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Machine learning could help reveal undiscovered particles within data from the Large Hadron Collider

Machine learning could help reveal undiscovered particles within data from the Large Hadron Collider
Distributions of the anomaly score from the AE for data and five benchmark BSM models. Credit: Physical Review Letters (2024). DOI: 10.1103/PhysRevLett.132.081801

Scientists used a neural network, a type of brain-inspired machine learning algorithm, to sift through large volumes of particle collision data. Particle physicists are tasked with mining this massive and growing store of collision data for evidence of undiscovered particles. In particular, they're searching for particles not included in the Standard Model of particle physics, our current understanding of the universe's makeup that scientists suspect is incomplete.

As part of the ATLAS collaboration, scientists at the U.S. Department of Energy's (DOE) Argonne National Laboratory and their colleagues recently used a machine learning approach called anomaly detection to analyze large volumes of ATLAS data. The method has never before been applied to data from a collider experiment. It has the potential to improve the efficiency of the collaboration's search for something new. The collaboration involves scientists from 172 research organizations.

The team leveraged a brain-inspired type of machine learning algorithm called a to search the data for abnormal features or anomalies. The technique breaks from more traditional methods of searching for new physics. It is independent of—and therefore unconstrained by—the preconceptions of scientists.

Traditionally, ATLAS scientists have relied on theoretical models to help guide their experiment and analysis in the directions most promising for discovery. This often involves performing complex computer simulations to determine how certain aspects of collision data would look according to the Standard Model.

Scientists compare these Standard Model predictions to real data from ATLAS. They also compare them to predictions made by new physics models, like those attempting to explain and other phenomena unaccounted for by the Standard Model.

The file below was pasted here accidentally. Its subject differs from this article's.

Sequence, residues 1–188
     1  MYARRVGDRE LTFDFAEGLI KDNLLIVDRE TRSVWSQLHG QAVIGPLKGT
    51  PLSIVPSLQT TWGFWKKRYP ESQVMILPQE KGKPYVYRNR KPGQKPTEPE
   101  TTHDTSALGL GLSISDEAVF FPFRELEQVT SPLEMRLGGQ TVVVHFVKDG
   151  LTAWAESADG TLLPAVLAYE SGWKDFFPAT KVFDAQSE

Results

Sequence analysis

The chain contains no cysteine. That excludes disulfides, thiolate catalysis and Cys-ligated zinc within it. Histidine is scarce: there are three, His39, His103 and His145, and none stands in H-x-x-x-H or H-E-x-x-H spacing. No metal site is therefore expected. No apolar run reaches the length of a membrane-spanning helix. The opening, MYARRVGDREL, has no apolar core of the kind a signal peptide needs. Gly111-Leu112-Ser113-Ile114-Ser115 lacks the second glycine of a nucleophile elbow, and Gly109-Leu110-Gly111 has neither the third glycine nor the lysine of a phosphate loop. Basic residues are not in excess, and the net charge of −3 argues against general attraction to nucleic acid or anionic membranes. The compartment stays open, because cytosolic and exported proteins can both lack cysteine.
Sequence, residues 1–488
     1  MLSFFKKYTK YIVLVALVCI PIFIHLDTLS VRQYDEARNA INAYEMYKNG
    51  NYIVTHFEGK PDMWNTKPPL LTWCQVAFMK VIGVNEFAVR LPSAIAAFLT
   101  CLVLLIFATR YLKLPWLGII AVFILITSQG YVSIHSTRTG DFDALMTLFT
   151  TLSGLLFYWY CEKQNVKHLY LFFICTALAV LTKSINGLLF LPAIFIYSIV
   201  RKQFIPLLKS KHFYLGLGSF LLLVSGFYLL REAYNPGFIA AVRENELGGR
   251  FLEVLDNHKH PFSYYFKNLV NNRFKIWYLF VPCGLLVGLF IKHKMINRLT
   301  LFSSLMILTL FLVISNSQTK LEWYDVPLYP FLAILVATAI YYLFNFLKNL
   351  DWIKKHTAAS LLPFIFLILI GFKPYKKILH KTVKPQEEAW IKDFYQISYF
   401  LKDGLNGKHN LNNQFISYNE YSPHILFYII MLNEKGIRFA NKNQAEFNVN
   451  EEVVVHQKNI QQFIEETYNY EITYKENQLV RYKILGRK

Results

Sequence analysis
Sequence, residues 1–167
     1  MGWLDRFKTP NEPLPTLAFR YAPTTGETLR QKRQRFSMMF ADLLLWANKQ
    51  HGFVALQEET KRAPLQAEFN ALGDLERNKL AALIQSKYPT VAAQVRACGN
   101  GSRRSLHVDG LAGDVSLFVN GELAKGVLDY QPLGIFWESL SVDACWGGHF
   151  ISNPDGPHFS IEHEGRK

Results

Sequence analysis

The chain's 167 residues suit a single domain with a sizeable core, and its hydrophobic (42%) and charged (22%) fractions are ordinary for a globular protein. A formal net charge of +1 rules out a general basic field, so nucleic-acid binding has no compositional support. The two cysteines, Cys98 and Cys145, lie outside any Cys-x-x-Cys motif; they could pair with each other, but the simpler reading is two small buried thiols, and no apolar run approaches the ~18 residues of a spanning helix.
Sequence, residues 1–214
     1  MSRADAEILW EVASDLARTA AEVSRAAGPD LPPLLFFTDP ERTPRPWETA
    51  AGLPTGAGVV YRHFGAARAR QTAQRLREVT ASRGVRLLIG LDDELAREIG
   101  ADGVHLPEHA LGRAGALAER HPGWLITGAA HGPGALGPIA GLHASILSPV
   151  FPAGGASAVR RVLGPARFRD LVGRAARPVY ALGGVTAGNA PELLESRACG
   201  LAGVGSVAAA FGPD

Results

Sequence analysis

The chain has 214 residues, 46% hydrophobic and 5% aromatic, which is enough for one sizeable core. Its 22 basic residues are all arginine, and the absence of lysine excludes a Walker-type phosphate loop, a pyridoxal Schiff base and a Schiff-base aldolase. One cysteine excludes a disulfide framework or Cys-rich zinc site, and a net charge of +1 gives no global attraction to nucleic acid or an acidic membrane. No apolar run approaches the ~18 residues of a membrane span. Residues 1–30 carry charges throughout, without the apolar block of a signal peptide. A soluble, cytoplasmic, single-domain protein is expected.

But so far, no deviations from the Standard Model have been observed in the billions of billions of collisions recorded at ATLAS. And since the discovery of the Higgs boson in 2012, the ATLAS experiment has yet to find any new particles.

"Anomaly detection is a very different way of approaching this search," said Sergei Chekanov, a physicist in Argonne's High Energy Physics division and a lead author on the study. "Rather than looking for very specific deviations, the goal is to find unusual signatures in the data that are completely unexplored, and that may look different from what our theories predict."

To perform this type of analysis, the scientists represented each particle interaction in the data as an image that resembles a QR code. Then, the team trained their neural network by exposing it to 1% of the images.

Machine learning could help reveal undiscovered particles within data from the Large Hadron Collider
ATLAS event display for one of eight events contributing to the largest deviation from Standard Model predictions found by the neural network in this study. Credit: CERN

The network consists of around 2 million interconnected nodes, which are analogous to neurons in the brain. Without human guidance or intervention, it identified and remembered correlations between pixels in the images that characterize Standard Model interactions. In other words, it learned to recognize typical events that fit within Standard Model predictions.

After training, the scientists fed the other 99% of the images through the neural network to detect any anomalies. When given an image as input, the neural network is tasked with recreating the image using its understanding of the data as a whole.

"If the neural network encounters something new or unusual, it gets confused and has a hard time reconstructing the image," said Chekanov. "If there is a large difference between the input image and the output it produces, it lets us know that there might be something interesting to explore in that direction."

Using computational resources at Argonne's Laboratory Computing Resource Center, the neural network analyzed around 160 million events within LHC Run-2 data collected from 2015 to 2018.

Although the neural network didn't find any glaring signs of new physics in this data set, it did spot one anomaly that the scientists think is worth further study. An exotic particle decay at an energy of around 4.8 teraelectronvolts results in a muon (a type of fundamental particle) and a jet of other particles in a way that does not fit with the neural network's understanding of Standard Model interactions.

"We'll have to do more investigation," said Chekanov. "It is likely a statistical fluctuation, but there's a chance this decay could indicate the existence of an undiscovered particle."

The team plans to apply this technique to data collected during the LHC Run-3 period, which began in 2022. ATLAS scientists will continue to explore the potential of machine learning and as tools for charting unknown territory in particle physics.

The paper is published in the journal Physical Review Letters.

More information: G. Aad et al, Search for New Phenomena in Two-Body Invariant Mass Distributions Using Unsupervised Machine Learning for Anomaly Detection at s=13 TeV with the ATLAS Detector, Physical Review Letters (2024). DOI: 10.1103/PhysRevLett.132.081801

Journal information: Physical Review Letters

Citation: Machine learning could help reveal undiscovered particles within data from the Large Hadron Collider (2024, April 15) retrieved 29 May 2024 from
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